Millennium.  To be honest, Millennium was formed as an 80’s hair metal band with Christian members and no Hindu influence.  The song Only be One in fact uses overt Christian imagery such as crosses and coffins.  That being said, this band formed in Bangalore in 1986.  They are considered to be one of the first, if not the first, successful metal band from India.  Props!  Rock out!

 

Indus Creed.  While Indus Creed straddles the line between pop rock (not exactly my jam) and hard rock, they deserve mention as one of the indisputable giants in India’s rock music history.  Rock ‘N Roll Renegade was one of their early hits from their debut album of the same name in the 80’s, and helped launch them into the pantheon of India’s rock stratosphere.  In fact, Indus Creed helped pave the way for all of the other bands in this list.  Respect.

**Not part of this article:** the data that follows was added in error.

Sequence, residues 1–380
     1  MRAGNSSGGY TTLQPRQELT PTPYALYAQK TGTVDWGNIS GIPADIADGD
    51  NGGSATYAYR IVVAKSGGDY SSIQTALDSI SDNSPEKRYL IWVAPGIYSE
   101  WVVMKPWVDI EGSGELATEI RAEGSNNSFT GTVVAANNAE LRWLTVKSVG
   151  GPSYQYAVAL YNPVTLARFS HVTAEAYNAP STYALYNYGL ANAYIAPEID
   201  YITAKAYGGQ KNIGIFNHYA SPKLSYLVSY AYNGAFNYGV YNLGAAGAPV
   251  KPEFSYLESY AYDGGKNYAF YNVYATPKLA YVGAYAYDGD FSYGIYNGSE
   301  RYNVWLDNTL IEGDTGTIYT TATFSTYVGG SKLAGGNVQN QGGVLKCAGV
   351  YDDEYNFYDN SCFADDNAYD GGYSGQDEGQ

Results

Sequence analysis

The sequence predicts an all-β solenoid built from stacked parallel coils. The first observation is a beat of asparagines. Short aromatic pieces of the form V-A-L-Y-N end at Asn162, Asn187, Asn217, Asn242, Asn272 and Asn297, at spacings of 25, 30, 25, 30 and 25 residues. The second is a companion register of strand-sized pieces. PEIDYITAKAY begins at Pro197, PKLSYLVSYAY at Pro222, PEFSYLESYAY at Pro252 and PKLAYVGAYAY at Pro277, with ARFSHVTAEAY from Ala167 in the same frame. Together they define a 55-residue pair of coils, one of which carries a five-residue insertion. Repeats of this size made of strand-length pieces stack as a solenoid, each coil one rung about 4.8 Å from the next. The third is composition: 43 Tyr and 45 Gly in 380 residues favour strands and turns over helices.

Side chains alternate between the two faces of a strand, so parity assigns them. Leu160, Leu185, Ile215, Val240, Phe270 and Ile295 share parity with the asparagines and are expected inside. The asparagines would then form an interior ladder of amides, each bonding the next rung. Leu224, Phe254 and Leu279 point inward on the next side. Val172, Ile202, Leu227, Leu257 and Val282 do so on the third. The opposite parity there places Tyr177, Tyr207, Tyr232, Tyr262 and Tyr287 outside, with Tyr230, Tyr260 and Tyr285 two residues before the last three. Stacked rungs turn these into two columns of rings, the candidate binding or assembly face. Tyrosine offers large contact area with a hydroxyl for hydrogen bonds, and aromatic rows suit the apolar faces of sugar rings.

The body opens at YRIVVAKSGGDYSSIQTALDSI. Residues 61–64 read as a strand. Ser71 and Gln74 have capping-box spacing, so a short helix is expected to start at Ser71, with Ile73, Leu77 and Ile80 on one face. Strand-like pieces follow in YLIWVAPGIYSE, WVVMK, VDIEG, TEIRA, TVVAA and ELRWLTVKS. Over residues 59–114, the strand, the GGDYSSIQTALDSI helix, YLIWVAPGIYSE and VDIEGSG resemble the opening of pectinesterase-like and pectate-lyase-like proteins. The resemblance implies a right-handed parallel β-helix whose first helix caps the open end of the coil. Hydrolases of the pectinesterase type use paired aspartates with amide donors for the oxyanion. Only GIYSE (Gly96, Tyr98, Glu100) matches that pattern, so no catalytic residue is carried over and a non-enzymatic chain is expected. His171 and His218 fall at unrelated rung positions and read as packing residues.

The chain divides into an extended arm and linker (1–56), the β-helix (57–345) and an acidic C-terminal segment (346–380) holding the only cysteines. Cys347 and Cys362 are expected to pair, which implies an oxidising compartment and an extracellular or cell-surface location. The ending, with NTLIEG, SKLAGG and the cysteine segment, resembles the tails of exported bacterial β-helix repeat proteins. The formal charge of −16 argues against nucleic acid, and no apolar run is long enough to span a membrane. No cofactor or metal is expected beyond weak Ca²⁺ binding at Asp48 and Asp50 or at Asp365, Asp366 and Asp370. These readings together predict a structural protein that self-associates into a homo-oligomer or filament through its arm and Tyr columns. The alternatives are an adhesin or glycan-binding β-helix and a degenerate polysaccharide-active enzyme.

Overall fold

Cult of Fire.  Hinduism is for all, and this Czech Republic band proves that Hindu metal is a globalized phenomenon.  The song Kali Ma is mostly instrumental, but it shows the range of talent possessed by Cult of Fire.  The below video splices a bunch of Hindi Hindu film footage into the song.  Judge for yourself whether Kajol and Sridevi dressed like Goddesses with heavy metal in the background actually works…


Dying Out Flame.
  OK, first of all, this band looks absolutely hardcore.  Right?  They also rock righteously, they’re co-ed, plus they have cool album art (see top).  Formed in 2011, this band hails from the Hindu majority nation of Nepal, adding more to the international flavor of Hindu metal.  Shiva Rudrastakam pays tribute to Lord Shiva- in case you aren’t noticing a trend here?